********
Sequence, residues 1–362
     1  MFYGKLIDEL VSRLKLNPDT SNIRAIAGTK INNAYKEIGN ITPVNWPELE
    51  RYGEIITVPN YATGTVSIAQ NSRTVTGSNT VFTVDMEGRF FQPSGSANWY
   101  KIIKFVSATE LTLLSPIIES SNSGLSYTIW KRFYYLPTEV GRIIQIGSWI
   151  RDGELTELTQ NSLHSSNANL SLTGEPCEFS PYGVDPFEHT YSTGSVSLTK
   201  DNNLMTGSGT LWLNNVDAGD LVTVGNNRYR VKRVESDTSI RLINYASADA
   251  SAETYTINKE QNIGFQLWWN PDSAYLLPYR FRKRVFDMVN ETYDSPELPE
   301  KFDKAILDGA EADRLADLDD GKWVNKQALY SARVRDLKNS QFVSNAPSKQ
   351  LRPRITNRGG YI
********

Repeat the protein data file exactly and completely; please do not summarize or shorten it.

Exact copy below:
Sequence, residues 1–362
     1  MFYGKLIDEL VSRLKLNPDT SNIRAIAGTK INNAYKEIGN ITPVNWPELE
    51  RYGEIITVPN YATGTVSIAQ NSRTVTGSNT VFTVDMEGRF FQPSGSANWY
   101  KIIKFVSATE LTLLSPIIES SNSGLSYTIW KRFYYLPTEV GRIIQIGSWI
   151  RDGELTELTQ NSLHSSNANL SLTGEPCEFS PYGVDPFEHT YSTGSVSLTK
   201  DNNLMTGSGT LWLNNVDAGD LVTVGNNRYR VKRVESDTSI RLINYASADA
   251  SAETYTINKE QNIGFQLWWN PDSAYLLPYR FRKRVFDMVN ETYDSPELPE
   301  KFDKAILDGA EADRLADLDD GKWVNKQALY SARVRDLKNS QFVSNAPSKQ
   351  LRPRITNRGG YI